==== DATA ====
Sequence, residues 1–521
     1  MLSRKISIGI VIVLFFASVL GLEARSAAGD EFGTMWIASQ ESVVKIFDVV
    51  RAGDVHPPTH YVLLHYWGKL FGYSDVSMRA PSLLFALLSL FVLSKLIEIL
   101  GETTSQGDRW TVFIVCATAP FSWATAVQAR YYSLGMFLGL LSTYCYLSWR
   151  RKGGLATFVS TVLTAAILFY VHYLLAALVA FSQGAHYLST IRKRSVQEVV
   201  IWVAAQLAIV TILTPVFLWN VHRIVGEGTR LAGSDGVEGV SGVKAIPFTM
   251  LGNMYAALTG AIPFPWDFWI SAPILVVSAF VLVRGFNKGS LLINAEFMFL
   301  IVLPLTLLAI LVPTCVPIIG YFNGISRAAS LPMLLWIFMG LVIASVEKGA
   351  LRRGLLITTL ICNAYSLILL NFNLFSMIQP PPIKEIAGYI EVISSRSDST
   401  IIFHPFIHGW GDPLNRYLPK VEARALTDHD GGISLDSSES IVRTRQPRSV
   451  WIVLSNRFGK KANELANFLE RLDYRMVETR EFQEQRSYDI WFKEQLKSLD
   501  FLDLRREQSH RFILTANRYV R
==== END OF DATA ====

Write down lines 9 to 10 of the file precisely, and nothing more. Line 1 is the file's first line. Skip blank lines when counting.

   351  LRRGLLITTL ICNAYSLILL NFNLFSMIQP PPIKEIAGYI EVISSRSDST
   401  IIFHPFIHGW GDPLNRYLPK VEARALTDHD GGISLDSSES IVRTRQPRSV